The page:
Liz Cheney then responded to Bass, noting that “we have learned much more since then about the relationship between Saddam Hussein and al Qaeda based on Iraqi intelligence documents captured after the report came out.” She specifically cited a five-volume collection published by Institute for Defense Analysis (IDA), a think tank for national security agencies.
So does the new information support the Cheneys’ contention?
First, let’s note that the Cheneys never directly say that Iraq had any sort of operational control or connection to al Qaeda. Instead, they rely on a vague word—“relationship”—and a series of sweeping modifiers—“deep, longstanding, far-reaching.” Then they follow with four supporting sentences—one regarding Iraq’s support of global terrorist organizations, and three concerning organizations or individuals connected to al Qaeda. They twice say the information is “undisputed.”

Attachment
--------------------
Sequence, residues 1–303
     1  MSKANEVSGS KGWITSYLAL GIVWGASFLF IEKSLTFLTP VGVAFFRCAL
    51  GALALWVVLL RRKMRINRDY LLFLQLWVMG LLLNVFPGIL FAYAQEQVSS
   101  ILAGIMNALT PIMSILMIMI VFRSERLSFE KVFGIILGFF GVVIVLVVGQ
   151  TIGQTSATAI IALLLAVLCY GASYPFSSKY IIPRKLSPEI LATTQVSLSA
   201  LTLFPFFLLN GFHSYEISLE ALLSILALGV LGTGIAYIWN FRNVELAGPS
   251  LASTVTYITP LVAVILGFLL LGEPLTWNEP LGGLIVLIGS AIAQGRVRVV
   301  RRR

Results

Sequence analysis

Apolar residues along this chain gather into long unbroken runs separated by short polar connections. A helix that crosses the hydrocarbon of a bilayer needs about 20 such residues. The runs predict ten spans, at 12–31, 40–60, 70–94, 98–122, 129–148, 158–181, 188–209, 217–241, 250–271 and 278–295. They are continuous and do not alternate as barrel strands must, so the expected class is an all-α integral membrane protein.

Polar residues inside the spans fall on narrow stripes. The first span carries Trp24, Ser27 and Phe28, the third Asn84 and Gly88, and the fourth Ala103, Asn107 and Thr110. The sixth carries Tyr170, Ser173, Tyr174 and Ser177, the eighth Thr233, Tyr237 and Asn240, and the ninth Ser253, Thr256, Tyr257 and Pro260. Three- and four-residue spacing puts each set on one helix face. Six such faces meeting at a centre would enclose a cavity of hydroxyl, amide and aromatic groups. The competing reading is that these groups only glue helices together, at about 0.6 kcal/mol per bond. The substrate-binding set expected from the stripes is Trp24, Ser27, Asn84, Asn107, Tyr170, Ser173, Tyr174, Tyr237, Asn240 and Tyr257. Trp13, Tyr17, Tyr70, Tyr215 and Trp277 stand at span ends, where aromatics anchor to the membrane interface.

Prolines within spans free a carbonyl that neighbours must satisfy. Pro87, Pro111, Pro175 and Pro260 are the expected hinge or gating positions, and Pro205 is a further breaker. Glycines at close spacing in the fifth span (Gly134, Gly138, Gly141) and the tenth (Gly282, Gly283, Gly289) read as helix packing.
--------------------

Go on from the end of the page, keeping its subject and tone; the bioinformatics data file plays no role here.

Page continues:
In former CIA director George Tenet’s memoir, “In the Center of the Storm,” there is a chapter titled “No Authority, Direction or Control,” in which he details the CIA’s battles with Cheney’s office over the intelligence concerning connections between al-Qaeda and Iraq. Before the invasion of Iraq, the CIA also tangled with a Pentagon operation that provided its own (disputed by the CIA) assessment of the available intelligence.
At one point, Tenet warns President George W. Bush that Cheney was planning a speech on the relationship between Iraq and al-Qaeda that “goes way beyond what the intelligence shows.” (The speech was never given.)
The agency even has to fend off White House interference to publish a paper by top analysts showing three areas of concern regarding Iraq and al-Qaeda—safe haven, contacts and training–but in which “they could not translate this data into a relationship where the two entities had ever moved beyond seeking ways to take advantage of each other.”